• Rising commodity, energy and shipping prices have increased the cost of producing and transporting solar PV modules, wind turbines and biofuels worldwide. However, higher natural gas and coal prices have improved the competitiveness of wind and solar PV

6. Green Hydrogen Cheaper to Produce than both Blue and Grey in Europe

By Energy Monitor

  • According to London-based firm ICIS, green hydrogen is cheaper to produce than blue and grey hydrogen
  • While green hydrogen’s price remained constant at £3.39/kg, the price of grey hydrogen increased by £1.43/kg since April to £6/kg. Blue hydrogen is even more expensive, as it also includes the cost of Carbon Capture and Storage (CSS).
  • This is mostly due to recent surges in the price of gas in Europe, further highlighting the risks of depending on fossil fuel imports

7. What Happens When America’s Coal Plants Die?

By The Guardian

  • Increasingly outpaced by cheaper alternatives, including renewables, and under pressure from climate concerns, at least two dozen US coal power plants are expected to close in the next 10 years
  • Coal ash can often be the most dangerous legacy of a closed plant. In 2014, 39,000 tons of ash and 27m gallons of contaminated water from a plant owned by Duke Energy
  • Utilities across the country have discussed replacing coal plants with gas-powered plants, which has been criticized by activists who urge an end to fossil fuel use, while other plants have become college athletic facilities or restaurants

8. Tesla Forced to Turn Down €1.1bn in EU Support for German Battery Plant

By the Financial Times

  • Tesla is no longer seeking the €1.1bn European subsidies for its planned battery plant in Germany, due to legal challenges to the construction of the plant
  • On Friday, a company filing in China revealed that Tesla will spend roughly $188m to increase capacity at the Shanghai facility, in China, taking the maximum number of workers at the plant from 15,000 to 19,000
  • Chief Executive Officer Elon Musk told Tesla’s investors last month that the Shanghai site already produced more vehicles than its flagship facility in Fremont, California

9. Community Energy Toolkit: Best Practices for Broadening the Ownership of Renewables

By the International Renewable Energy Agency

  • Energy communities are the economic and operational participation and ownership by citizens or members of a defined community in a renewable energy project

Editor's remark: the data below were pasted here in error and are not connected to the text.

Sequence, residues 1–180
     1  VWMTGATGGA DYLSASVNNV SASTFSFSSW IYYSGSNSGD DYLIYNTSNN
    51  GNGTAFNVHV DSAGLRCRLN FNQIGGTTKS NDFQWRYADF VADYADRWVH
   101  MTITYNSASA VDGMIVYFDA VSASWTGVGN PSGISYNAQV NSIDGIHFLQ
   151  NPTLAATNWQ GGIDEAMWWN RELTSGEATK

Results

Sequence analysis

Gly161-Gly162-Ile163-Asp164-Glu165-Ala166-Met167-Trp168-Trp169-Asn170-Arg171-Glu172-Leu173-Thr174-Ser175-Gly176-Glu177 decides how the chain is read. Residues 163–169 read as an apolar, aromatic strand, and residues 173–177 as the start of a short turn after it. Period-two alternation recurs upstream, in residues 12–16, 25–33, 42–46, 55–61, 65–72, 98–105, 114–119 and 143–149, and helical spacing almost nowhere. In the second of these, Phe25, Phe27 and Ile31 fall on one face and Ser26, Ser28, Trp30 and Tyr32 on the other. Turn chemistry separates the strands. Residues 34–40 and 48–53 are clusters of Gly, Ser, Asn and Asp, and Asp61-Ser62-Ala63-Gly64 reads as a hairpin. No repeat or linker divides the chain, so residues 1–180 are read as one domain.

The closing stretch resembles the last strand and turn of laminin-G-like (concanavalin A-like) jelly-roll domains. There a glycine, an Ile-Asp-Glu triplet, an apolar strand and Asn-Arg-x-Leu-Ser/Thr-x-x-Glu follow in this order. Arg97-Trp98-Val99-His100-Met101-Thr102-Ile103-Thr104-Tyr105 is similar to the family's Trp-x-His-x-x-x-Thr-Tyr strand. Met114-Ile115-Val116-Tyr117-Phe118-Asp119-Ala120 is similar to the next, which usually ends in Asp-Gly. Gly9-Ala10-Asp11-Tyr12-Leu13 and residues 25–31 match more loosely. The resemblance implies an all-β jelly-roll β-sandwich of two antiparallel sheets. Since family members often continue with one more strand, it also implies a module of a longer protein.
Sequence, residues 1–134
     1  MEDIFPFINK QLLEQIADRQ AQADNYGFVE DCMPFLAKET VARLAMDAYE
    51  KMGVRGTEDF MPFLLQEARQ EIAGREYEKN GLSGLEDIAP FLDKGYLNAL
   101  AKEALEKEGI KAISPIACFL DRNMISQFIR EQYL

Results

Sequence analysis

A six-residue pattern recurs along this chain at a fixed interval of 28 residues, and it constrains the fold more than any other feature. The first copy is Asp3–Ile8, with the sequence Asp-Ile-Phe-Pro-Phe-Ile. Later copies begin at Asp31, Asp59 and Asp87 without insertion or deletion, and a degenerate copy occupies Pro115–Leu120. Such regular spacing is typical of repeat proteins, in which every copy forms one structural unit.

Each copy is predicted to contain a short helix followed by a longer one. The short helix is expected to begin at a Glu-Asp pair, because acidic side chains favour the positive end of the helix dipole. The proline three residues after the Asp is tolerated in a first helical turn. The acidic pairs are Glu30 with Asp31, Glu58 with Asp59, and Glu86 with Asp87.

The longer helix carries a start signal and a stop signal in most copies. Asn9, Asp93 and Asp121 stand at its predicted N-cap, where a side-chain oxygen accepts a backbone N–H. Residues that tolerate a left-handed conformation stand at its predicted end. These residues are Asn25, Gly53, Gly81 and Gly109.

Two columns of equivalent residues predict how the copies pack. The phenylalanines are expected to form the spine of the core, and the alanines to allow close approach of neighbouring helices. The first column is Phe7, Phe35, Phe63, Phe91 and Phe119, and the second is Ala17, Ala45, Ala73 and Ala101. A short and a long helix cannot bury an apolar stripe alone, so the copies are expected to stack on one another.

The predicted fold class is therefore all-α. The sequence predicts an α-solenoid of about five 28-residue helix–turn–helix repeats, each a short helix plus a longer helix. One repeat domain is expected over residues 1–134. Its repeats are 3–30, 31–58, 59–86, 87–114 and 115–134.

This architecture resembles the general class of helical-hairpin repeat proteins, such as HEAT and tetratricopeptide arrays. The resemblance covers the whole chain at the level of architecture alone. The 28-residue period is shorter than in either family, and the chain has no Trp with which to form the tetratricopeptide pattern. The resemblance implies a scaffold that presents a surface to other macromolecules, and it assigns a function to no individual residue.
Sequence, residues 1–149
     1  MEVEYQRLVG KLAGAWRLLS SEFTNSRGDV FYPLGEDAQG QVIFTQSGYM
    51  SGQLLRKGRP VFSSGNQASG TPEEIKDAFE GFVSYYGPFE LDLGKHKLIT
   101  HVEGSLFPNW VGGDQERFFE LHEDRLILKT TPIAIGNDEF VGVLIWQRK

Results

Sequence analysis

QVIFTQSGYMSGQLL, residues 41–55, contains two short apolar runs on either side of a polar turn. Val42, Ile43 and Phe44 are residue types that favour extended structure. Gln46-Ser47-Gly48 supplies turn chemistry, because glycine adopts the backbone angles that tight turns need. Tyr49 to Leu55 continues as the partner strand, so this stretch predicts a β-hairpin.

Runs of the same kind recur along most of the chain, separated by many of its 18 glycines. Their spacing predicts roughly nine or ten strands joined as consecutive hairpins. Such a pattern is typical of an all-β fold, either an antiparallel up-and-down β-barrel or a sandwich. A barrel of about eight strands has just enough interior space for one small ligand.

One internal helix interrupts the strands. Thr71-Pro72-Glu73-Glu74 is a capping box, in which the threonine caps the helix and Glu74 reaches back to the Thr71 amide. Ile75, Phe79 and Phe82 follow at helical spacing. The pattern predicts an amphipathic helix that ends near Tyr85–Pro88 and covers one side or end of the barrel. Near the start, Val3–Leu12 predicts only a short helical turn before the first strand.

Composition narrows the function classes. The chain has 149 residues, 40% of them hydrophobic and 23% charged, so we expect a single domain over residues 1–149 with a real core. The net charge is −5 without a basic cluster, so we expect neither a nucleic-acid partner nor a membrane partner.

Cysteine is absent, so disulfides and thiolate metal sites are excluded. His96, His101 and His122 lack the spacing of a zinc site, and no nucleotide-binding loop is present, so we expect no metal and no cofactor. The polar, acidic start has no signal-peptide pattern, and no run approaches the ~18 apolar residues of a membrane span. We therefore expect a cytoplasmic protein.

• Renewable energy communities are a powerful transition accelerator. To ensure a social, just and equitable energy transition, governments, financial institutions and other partners have a key role to play in facilitating community energy projects
  • Communities should invest time in building capacity through technical training in renewables, developing an understanding of regulatory requirements and government policies, and acquiring the necessary financial know-how to develop business plans for their community energy initiatives.

10. Why the Energy Transition Will Be So Complicated

By The Atlantic

  • Is the recent energy shock a one-off resulting from a unique conjunction of circumstances? Or is it the first of what will be several crises resulting from straining too hard to bring 2050 carbon-reduction goals rapidly forward
  • The degree to which the world depends on oil and gas is often not understood. It’s not just a matter of shifting from gasoline-powered cars to electric ones. It’s about shifting away from all the other ways we use plastics and other oil and gas derivatives
  • Moreover, for the developed world, as Glasgow demonstrated, climate is an overwhelming imperative. While also deeply concerned about climate, developing countries face other existential questions as well. In addition to climate, they struggle with recovering from COVID-19, reducing poverty, promoting economic growth, improving health, and maintaining social stability